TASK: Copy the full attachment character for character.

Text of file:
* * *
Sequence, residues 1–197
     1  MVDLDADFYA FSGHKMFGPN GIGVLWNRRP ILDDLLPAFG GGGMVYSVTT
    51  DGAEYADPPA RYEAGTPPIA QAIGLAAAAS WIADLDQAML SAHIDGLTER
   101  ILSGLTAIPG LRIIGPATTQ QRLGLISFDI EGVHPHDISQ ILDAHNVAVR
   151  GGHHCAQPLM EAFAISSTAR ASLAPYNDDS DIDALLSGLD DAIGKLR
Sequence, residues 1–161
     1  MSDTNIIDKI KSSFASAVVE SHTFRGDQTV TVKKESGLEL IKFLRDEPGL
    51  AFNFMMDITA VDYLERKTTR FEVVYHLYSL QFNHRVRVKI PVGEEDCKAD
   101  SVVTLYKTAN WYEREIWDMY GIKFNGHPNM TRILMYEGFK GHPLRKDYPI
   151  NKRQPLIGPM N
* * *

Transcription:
Sequence, residues 1–197
     1  MVDLDADFYA FSGHKMFGPN GIGVLWNRRP ILDDLLPAFG GGGMVYSVTT
    51  DGAEYADPPA RYEAGTPPIA QAIGLAAAAS WIADLDQAML SAHIDGLTER
   101  ILSGLTAIPG LRIIGPATTQ QRLGLISFDI EGVHPHDISQ ILDAHNVAVR
   151  GGHHCAQPLM EAFAISSTAR ASLAPYNDDS DIDALLSGLD DAIGKLR
Sequence, residues 1–161
     1  MSDTNIIDKI KSSFASAVVE SHTFRGDQTV TVKKESGLEL IKFLRDEPGL
    51  AFNFMMDITA VDYLERKTTR FEVVYHLYSL QFNHRVRVKI PVGEEDCKAD
   101  SVVTLYKTAN WYEREIWDMY GIKFNGHPNM TRILMYEGFK GHPLRKDYPI
   151  NKRQPLIGPM N